It's important to remember that these patent preparations (and those I'm making) are only one facet of a larger system of treatment. It's the same thing as you going to the quacks to get a nasty gash stitched up; it ain't just the stitches, it's the antiseptic, the antibiotics, the pain meds, the therapy afterward (if necessary) et cetera. Chinese medicine just goes about it with different premises.

Treating my elbow also includes herbal supplements (which I'm actively avoiding), changes in diet (which I'm doing), acupressure and targeted exercises (which I'm also doing and which are discussed at length in "Tooth from the Tiger's Mouth" and A Pearl From The Dragon's Neck from the same author). The Black Ghost Oil and the "tendon liniment" I'll be putting up tomorrow is only a single part of it. I'm avoiding the herbal supplements because of my heart condition, accepting that recovery will be slower because of their absence in the regimen.

All put together, they work as well as anything in Western Medicine in not merely repairing damage (and preventing further damage), but also in restoring function. For my part, my elbow is improving at a pace I'd expect. I suffered a quite memorable similar injury to the other elbow about 17 years ago and it took a year to heal up, whereas I can tell this injury will only be a "problem" for another month or so - four or five months total.

Meanwhile, I have made up a small kit for my students, based on what I reasonably assess to be the Worst-Case Scenario for a Tai-Chi-Taught-As-A-Martial-Art class. This Worst-Case is "two over-eager students botching each other up" and getting nasty sprains or bruises, with maybe a small "owie-boo-boo" I need to cover over. To this end, I've put up the following:

The box started its career as a container for cookies (shown - they're called "Sun Cakes" and they're yummy)

Inside is only enough to treat two bad sprains or bruises Right-Freakin'-Now, with extra containers to send people home to self-treat over the next two days until the swelling goes down.

As I said, the "Three Yellow Powder" was ready as soon as all its components were pulverized and mixed. The Vaseline is to be used as a "medium" to make a poultice with the powder. Egg-white can also be used, but like most such places we don't keep egg-white around. The test tube has enough to treat two such injuries, and the small disk-shaped containers have enough for one person for two days' worth of treatment. The small vials with the rubber stoppers are for "trauma liniment" of either the store-bought kind or my own concoction when it's ready. The cylindrical canister seen in the box holds a small bottle with a preparation identical in effect to the Zheng Gu Shui, but it fits nicely in the box and won't leak.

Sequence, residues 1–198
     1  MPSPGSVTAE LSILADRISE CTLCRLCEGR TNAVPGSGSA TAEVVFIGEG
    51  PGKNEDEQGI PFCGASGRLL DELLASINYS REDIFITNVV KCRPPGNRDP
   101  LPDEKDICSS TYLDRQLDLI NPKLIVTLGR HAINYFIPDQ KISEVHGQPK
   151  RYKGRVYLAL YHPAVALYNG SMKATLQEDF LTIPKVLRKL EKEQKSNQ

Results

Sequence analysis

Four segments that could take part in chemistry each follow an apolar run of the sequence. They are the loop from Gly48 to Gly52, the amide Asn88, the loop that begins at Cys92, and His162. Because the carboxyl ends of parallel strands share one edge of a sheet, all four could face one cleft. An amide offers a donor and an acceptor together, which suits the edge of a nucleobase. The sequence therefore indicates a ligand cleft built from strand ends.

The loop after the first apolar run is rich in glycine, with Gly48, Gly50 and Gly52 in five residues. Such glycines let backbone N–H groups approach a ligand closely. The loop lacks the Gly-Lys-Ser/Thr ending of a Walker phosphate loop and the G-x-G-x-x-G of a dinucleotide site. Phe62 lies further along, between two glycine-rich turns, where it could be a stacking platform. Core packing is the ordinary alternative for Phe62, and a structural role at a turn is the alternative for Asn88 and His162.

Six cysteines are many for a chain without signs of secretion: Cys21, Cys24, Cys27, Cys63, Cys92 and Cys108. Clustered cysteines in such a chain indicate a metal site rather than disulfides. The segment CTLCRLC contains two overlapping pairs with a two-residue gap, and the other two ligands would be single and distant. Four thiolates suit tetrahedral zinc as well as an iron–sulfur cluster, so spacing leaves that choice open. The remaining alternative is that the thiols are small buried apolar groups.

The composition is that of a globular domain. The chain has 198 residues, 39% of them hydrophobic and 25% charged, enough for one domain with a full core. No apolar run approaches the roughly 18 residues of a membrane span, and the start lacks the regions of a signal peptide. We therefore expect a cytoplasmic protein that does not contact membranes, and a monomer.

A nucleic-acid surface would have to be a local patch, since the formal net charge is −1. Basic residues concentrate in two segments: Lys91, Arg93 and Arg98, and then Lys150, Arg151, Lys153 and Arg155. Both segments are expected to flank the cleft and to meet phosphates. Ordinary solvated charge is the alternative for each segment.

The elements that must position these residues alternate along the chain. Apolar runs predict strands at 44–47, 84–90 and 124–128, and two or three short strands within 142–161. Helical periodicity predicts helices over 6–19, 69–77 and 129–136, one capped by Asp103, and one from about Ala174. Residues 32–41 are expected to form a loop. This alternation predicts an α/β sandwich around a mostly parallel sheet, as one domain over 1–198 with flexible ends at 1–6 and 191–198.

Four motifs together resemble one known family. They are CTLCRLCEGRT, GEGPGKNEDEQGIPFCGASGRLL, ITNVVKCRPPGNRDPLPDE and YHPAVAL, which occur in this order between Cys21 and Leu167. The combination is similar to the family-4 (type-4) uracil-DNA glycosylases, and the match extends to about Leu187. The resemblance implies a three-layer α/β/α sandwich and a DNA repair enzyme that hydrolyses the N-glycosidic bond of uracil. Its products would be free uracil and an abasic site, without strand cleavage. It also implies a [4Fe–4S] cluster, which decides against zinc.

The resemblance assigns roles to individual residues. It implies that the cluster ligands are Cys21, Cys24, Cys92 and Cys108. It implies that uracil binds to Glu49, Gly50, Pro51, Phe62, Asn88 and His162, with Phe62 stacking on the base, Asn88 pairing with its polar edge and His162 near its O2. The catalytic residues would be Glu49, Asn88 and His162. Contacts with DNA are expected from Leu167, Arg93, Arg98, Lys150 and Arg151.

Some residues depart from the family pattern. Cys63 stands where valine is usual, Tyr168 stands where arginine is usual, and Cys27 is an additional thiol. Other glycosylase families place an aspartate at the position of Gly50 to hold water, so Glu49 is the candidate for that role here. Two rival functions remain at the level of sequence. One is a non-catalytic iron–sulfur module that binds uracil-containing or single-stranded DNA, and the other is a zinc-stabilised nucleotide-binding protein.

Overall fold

The box doesn't contain longer-term therapeutics, because

The Big Blue Truck delivered the rubber stoppers and other impedimenta today; so before my class I put up the second of the two liniments I'd set out to make:

This looks similar to the first jug but it's not the same stuff

The decoction prepared; after this photo was taken, I put tape around & over both stoppers

And now...we wait

You'll notice that it's only been a couple days since I made the first liniment and already changes are occurring. It's darker and more turbid, there are fewer of the little seed-nut-thingies floating around at the top, and many of the ingredients appear either to have sunk to the bottom or dissolved altogether. I expect much the same with the latest preparation. I make no predictions as to what color these things will ultimately end up being; not that it makes much difference.

There may yet come a day when I can walk out to some county park or overgrown back-lot and gather up whatever I need, knowing domestic plants from Asian, and their similarities or differences. Then again, that's a whole separate kettle of fish and while I'm a decent cook & can follow directions well, botany on its own has never been an interest of mine. At any rate, I have the recipes I need to make a range of "medicines," the experience of having done so, as well as that of using things similar to them. Buy the books I recommend, study them and apply them (and maybe go make friends with a Chinese herbalist), and you'll have all this too!